It’s Monday and my teacher husband is home because of the snow. It’s tempting to take a break from everything and just veg, but the problem is, this isn’t the first, second, or even third snow day he’s had this winter. If we were to continue to take days off whenever he was out of school, the kids and I would be doing work well into the summer, and nobody–but nobody–wants that around here.
So we’ll carry on, albeit a little languidly, and perhaps in our pajama pants. I admit I secretly love when nature ruins our carefully laid plans, not on a grand scale where there’s devastation and permanent damage, but on a small one.
I look out in the yard and the dogs are bouncing high through cold powder, and everything is so white it hurts my eyes. And here we are inside, slow, our stomachs full of Cheerios. The snow will not allow us to hurry, and I’m grateful.
Our air conditioning has been broken for three days. We’re reminded of how we used to live with the weather much more closely when we lived abroad. Last night felt a little something like this.
It might be the weather. It may be our ages around here (puberty. the end). It could just be me (I can never rule this out). But whatever the cause, we’re in a communication swamp at our house these days. I find that I say the same things over and over to my kids, in the same, um, strident tone, and I get the same results–languid compliance with a dash of resentment. I see it in my kids’ eyes. They are tired of my reactions to their reactions. I’m sure that they can see it in my eyes, too. I’m tired of the push-back I receive when I ask them to do things they’ve always done.
The thing is, it feels like a full-on cycle at this point. I say, Get such-and-such done. Somebody whines and moves s-l-o-w-l-y to get the aforementioned thing done, all the while muttering about why the task is meaningless. I take a deep breath, feeling my heart begin to race, muttering to my own self that this kind of flak is for the birds and I don’t deserve it. Then I say, in a scarily-calm librarian voice, that I expect compliance because this is right, that it has always been this way in our home, that I will not put up with disrespect, that I don’t give them that much to do, that this is ridiculous, that I am going to tell their father about this, etc, etc. When I pause, feeling my heartbeat (now in my eyeballs), I see the withdrawal, the retreat, in my kids’ faces. I see their squinting, their down-turned mouths. I am sad suddenly, sad and tired. I feel tricked by my own emotions–again.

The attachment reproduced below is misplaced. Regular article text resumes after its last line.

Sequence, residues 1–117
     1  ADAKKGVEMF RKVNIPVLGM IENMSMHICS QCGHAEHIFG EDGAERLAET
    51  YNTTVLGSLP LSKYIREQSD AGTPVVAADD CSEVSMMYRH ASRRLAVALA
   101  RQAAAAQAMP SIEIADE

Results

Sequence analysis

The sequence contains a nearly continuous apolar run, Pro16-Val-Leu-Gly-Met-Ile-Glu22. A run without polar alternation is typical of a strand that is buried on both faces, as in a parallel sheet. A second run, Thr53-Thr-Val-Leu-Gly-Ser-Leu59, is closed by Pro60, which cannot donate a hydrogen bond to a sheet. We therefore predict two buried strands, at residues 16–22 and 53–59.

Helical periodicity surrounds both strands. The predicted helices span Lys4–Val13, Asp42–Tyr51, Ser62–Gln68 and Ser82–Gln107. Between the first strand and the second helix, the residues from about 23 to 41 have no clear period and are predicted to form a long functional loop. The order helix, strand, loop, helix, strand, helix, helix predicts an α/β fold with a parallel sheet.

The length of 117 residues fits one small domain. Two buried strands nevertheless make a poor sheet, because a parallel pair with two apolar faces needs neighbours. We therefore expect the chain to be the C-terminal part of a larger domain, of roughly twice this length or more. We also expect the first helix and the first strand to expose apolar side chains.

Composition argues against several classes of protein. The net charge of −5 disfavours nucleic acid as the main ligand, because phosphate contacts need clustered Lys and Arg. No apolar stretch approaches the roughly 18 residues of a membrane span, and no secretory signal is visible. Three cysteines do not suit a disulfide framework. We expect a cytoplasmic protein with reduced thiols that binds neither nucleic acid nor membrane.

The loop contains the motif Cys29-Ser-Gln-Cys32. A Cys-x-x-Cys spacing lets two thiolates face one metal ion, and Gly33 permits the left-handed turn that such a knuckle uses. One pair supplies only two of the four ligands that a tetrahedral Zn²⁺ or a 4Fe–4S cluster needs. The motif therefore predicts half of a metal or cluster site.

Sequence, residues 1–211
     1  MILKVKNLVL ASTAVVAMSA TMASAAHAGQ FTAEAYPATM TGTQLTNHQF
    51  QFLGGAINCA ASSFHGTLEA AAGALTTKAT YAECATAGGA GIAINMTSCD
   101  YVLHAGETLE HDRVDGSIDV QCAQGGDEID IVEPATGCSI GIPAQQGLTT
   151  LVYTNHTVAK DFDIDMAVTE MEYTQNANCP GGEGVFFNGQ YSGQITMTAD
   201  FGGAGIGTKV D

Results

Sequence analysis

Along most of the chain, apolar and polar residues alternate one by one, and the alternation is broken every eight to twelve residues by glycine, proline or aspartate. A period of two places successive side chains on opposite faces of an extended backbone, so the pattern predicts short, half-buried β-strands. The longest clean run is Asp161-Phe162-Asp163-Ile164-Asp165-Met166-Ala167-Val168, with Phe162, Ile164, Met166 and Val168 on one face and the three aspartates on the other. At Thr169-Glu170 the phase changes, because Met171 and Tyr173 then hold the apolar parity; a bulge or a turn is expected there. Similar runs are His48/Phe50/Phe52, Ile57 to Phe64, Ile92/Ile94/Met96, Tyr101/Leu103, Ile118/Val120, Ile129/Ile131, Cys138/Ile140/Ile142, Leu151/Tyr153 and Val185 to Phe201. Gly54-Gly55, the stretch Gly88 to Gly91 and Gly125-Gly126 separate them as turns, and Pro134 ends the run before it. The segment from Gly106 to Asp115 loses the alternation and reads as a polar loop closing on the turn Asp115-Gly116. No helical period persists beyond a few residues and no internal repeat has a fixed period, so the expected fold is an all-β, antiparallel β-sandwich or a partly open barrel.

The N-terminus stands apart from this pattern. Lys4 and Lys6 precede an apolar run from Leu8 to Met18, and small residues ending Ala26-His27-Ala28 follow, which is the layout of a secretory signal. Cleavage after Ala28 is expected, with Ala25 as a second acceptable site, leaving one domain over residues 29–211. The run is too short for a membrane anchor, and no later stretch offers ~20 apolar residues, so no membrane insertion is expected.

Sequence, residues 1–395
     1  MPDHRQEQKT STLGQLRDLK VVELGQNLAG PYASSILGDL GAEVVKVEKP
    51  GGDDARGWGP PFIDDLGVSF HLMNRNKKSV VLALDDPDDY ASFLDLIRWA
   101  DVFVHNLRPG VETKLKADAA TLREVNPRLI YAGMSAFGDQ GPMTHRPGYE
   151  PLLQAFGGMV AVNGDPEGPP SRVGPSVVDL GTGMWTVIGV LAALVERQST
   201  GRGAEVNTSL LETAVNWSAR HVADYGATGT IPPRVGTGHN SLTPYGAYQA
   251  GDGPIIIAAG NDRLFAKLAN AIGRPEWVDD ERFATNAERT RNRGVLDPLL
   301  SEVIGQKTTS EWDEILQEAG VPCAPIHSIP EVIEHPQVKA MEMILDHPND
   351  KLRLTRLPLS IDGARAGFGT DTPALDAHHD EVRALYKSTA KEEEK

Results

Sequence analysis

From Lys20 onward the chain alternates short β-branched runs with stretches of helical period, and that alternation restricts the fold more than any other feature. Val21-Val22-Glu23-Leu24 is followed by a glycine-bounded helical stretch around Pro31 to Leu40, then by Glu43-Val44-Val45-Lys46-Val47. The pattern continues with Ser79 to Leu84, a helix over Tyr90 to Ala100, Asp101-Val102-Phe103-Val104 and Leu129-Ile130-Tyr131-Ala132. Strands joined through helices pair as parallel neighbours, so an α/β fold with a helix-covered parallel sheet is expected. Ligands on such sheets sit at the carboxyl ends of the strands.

This communication quicksand has got to dry up. We love each other, and we’ve got to find a way to move through this new phase of life/parenting/growing. Right now we’re in a flare/remission cycle where every other conversation has the potential to cause an outbreak of hives. There’s got to be a better way to go through middle school. But I can’t think of exactly what to do at the moment.
What I do know is, as usual, we all need grace. Every moment of every day. And He gives it.